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Open Source and Open Hardware

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Hardware
OSS
  • Should open source software advertise?
  • Blockchain Firm Offchain Labs Releases Alpha Of Open-Source Scaling Solution

    New Jersey-based Offchain Labs has announced the launch of the Alpha 2 version of its scaling solution that can be easily integrated to any Etherum application.

    Led by a former White House Deputy Chief of Technology and a team of U.S.-based academics, Offchain Labs aims to make smart contracts more private, secure, and scalable using a combination of protocol design, incentives, and virtual machine architecture. The firm has invented Arbitrum, a blockchain agnostic Layer 2 scaling solution that incentivizes parties to agree off-chain how a virtual machine would act in order to improve transaction throughput, speed, and privacy.

  • As Crypto Markets Go Cold, Who Will Pay for Open-Source Code?

    Earlier this year IBM purchased Red Hat, the oft-referred to model for how open source can thrive, for $34 billion.

    Long the consultant to enterprises, IBM is going through a transitional period as a business and needs a boost. Red Hat’s open-source software offers IBM the ability to better compete in cloud services offered by Amazon, Microsoft and Google.

    Why is this important? Red Hat is one of the most name-checked examples of how open-source software can be successful. It is often used as an example of how championing open source can lead to business success. This is particularly pertinent to the cryptocurrency ecosystem, where open-source ethos rule the technology.

  • Fridge0: an open source hardware solar fridge with no battery requirement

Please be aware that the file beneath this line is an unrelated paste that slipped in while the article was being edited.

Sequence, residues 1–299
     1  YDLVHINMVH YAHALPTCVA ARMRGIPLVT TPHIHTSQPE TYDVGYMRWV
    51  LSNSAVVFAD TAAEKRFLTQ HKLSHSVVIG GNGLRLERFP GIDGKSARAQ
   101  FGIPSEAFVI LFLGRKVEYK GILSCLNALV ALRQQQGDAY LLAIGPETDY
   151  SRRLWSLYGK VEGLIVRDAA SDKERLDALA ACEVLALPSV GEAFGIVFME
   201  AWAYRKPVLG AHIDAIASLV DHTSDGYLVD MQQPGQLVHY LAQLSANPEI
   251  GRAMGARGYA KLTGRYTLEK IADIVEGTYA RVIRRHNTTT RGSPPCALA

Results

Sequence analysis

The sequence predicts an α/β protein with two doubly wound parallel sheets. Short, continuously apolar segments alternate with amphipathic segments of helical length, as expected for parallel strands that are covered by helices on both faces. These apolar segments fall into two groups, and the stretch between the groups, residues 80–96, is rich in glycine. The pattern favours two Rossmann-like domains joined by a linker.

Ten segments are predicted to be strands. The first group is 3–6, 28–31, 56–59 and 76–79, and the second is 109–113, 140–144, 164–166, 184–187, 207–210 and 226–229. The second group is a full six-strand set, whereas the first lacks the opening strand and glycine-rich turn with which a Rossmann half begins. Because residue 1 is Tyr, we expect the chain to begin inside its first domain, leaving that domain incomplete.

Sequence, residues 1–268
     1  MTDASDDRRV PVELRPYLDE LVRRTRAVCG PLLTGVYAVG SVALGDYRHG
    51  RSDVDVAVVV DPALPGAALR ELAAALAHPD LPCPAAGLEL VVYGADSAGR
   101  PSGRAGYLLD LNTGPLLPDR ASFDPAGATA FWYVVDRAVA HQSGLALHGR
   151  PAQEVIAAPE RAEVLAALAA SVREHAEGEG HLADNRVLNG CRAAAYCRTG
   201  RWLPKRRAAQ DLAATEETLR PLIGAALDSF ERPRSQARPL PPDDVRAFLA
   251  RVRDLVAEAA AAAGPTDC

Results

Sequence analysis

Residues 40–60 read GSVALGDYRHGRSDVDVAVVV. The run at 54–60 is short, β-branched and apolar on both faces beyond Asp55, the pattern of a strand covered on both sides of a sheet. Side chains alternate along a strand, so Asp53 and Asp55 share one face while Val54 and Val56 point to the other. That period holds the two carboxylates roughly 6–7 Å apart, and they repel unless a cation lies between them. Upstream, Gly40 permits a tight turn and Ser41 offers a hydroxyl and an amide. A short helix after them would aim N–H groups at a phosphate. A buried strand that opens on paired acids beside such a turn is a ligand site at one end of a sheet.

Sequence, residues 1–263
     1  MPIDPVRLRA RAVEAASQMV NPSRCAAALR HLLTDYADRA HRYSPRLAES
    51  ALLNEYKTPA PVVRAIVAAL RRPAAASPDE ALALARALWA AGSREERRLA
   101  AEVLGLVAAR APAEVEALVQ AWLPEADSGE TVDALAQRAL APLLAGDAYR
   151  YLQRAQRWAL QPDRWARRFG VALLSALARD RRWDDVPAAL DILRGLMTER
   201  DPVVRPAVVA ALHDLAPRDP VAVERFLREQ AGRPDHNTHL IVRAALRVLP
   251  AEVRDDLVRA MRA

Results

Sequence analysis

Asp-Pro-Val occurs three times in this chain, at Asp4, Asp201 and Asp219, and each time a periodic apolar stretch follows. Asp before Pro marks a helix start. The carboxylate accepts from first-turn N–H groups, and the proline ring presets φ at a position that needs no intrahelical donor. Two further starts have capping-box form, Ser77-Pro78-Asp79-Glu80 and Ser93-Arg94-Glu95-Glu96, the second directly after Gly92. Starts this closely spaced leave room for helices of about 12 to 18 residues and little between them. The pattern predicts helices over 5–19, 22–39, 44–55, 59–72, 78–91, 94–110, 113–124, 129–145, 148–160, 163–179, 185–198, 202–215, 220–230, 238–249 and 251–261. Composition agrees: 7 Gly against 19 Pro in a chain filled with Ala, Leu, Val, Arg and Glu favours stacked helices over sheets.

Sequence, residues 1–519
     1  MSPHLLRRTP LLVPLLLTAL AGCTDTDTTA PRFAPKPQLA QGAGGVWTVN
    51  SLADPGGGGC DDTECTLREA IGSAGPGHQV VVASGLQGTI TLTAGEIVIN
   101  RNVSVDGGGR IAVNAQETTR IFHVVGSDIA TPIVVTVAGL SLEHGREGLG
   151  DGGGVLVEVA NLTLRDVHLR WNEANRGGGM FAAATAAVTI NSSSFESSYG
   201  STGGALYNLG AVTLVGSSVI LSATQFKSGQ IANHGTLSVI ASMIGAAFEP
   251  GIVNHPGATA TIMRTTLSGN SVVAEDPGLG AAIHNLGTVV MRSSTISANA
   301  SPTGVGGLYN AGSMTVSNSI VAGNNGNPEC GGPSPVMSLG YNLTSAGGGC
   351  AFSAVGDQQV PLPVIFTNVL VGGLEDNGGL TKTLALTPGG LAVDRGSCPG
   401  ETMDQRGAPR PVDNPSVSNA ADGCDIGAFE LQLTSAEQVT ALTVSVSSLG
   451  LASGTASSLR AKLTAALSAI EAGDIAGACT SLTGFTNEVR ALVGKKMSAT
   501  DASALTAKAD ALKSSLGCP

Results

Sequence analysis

Joey Hess designed the first Fridge0 a year ago: it uses a standard chest freezer with added thermal mass, a simple controller, and a photovoltaic panel that effectively stores sunshine as coldness, obviating the need for expensive backup batteries.

  • Open Source Smart Smoker Brings The Heat (Slowly)

    Conceptually, cooking on a grill is simple enough: just crank up the flames and leave the food on long enough for it to cook through, but not so long that it turns into an inedible ember. But when smoking, the goal is actually to prevent flames entirely; the food is cooked by the circulation of hot gasses generated by smoldering wood. If you want a well-cooked and flavorful meal, you’ll need the patience and dedication to manually keep the fuel and air balanced inside the smoker for hours on end.

    [...]

    Ultimately, this project boils down to tossing a bunch of temperature sensors at the problem. The software developed by [HackersHub] takes the data collected by the five MAX6675 thermocouples and uses it to determine when to inject more air into the chamber using a PWM-controlled fan at the bottom of the smoker. As an added bonus, all those temperature sensors give the user plenty of pretty data points to look at in the companion smartphone application.

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